Skip to main content
Research article - Peer-reviewed, 2020

Estimating and forecasting spatial population dynamics of apex predators using transnational genetic monitoring

Bischof, Richard; Milleret, Cyril; Dupont, Pierre; Chipperfield, Joseph; Tourani, Mahdieh; Ordiz, Andres; de Valpine, Perry; Turek, Daniel; Royle, J. Andrew; Gimenez, Olivier; Flagstad, Oystein; Akesson, Mikael; Svensson, Linn; Broseth, Henrik; Kindberg, Jonas;

Abstract

The ongoing recovery of terrestrial large carnivores in North America and Europe is accompanied by intense controversy. On the one hand, reestablishment of large carnivores entails a recovery of their most important ecological role, predation. On the other hand, societies are struggling to relearn how to live with apex predators that kill livestock, compete for game species, and occasionally injure or kill people. Those responsible for managing these species and mitigating conflict often lack fundamental information due to a long-standing challenge in ecology: How do we draw robust population-level inferences for elusive animals spread over immense areas? Here we showcase the application of an effective tool for spatially explicit tracking and forecasting of wildlife population dynamics at scales that are relevant to management and conservation. We analyzed the world's largest dataset on carnivores comprising more than 35,000 noninvasively obtained DNA samples from over 6,000 individual brown bears (Ursus arctos), gray wolves (Canis lupus), and wolverines (Gulo gulo). Our analyses took into account that not all individuals are detected and, even if detected, their fates are not always known. We show unequivocal quantitative evidence of large carnivore recovery in northern Europe, juxtaposed with the finding that humans are the single-most important factor driving the dynamics of these apex predators. We present maps and forecasts of the spatiotemporal dynamics of large carnivore populations, transcending national boundaries and management regimes.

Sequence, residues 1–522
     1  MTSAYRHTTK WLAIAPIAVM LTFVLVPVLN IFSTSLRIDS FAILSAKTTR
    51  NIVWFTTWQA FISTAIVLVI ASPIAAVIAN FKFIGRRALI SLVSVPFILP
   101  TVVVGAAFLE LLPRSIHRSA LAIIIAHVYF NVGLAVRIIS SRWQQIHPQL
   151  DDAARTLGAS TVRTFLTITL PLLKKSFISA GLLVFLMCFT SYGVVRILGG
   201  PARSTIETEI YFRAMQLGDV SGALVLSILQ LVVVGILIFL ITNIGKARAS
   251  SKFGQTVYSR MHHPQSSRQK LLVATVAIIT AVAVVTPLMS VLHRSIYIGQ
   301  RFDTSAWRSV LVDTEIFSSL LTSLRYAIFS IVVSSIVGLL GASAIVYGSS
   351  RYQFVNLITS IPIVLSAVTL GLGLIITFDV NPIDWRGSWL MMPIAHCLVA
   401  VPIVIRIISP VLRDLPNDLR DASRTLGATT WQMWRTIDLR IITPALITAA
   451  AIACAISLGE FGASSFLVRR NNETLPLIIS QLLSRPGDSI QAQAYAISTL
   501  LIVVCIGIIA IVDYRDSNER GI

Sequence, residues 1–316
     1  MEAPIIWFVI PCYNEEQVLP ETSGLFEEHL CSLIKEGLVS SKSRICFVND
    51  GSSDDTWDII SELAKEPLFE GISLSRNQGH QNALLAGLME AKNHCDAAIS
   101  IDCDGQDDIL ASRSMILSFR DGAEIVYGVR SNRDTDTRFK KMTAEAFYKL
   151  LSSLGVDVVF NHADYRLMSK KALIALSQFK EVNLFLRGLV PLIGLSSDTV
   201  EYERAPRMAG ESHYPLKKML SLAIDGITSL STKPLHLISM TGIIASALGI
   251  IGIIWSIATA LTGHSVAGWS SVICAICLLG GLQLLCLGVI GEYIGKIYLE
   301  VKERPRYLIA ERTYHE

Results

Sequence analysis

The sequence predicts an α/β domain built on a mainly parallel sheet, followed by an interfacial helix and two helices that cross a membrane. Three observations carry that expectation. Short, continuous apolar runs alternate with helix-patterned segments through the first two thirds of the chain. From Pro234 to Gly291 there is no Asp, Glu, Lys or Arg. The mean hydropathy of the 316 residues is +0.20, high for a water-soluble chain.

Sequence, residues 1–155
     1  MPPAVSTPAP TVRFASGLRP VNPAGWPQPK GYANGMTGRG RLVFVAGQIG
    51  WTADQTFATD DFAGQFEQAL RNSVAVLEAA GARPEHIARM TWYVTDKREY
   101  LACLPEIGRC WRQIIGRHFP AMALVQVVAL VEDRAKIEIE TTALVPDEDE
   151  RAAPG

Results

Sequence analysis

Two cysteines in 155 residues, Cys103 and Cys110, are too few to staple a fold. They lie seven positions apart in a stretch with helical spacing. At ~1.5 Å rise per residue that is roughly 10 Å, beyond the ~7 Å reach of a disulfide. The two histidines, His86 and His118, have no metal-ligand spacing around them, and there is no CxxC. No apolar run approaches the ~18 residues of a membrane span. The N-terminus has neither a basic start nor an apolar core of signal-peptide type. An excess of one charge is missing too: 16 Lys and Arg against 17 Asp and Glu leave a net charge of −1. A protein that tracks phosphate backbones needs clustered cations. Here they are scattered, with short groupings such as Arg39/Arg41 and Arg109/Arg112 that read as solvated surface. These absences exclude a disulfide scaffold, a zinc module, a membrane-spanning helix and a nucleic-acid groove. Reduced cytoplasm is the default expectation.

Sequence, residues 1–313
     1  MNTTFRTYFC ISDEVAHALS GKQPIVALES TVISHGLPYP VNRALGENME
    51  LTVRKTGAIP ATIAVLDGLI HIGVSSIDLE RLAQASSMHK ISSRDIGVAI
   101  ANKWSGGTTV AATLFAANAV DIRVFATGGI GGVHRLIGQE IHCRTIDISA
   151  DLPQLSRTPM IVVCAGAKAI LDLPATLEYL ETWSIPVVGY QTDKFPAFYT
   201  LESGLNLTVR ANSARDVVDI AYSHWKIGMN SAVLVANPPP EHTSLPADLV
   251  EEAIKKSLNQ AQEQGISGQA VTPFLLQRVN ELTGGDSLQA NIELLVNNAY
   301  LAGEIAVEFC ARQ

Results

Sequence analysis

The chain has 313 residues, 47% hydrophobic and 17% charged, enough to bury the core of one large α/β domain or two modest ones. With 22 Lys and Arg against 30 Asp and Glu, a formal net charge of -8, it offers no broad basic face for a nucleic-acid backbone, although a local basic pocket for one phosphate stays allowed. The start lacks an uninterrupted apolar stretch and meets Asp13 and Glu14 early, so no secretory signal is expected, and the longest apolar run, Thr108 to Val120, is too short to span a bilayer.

Keywords

spatial capture-recapture; imperfect detection; noninvasive monitoring of large carnivores; density surface; vital rates

Published in

Proceedings of the National Academy of Sciences of the United States of America

2020, volume: 117, number: 48, pages: 30531-30538
Publisher: NATL ACAD SCIENCES

Authors' information

Bischof, Richard
Norwegian University of Life Sciences
Milleret, Cyril
Norwegian University of Life Sciences
Dupont, Pierre
Norwegian University of Life Sciences
Chipperfield, Joseph
Norwegian Institute Nature Research
Tourani, Mahdieh
Norwegian University of Life Sciences
Ordiz, Andrés
Norwegian University of Life Sciences (NMBU)
Ordiz, Andrés
Swedish University of Agricultural Sciences, Department of Ecology
de Valpine, Perry
University of California Berkeley
Turek, Daniel
Williams College
Royle, J. Andrew
United States Geological Survey
Gimenez, Olivier
Universite Paul-Valery
Flagstad, Oystein
Norwegian Institute Nature Research
Swedish University of Agricultural Sciences, Department of Ecology
Swedish University of Agricultural Sciences, Department of Ecology
Broseth, Henrik
Norwegian Institute for Nature Research (NINA)
Norwegian Institute for Nature Research (NINA)
Swedish University of Agricultural Sciences, Department of Wildlife, Fish and Environmental Studies

UKÄ Subject classification

Ecology

Publication Identifiers

DOI: https://doi.org/10.1073/pnas.2011383117

URI (permanent link to this page)

https://res.slu.se/id/publ/109947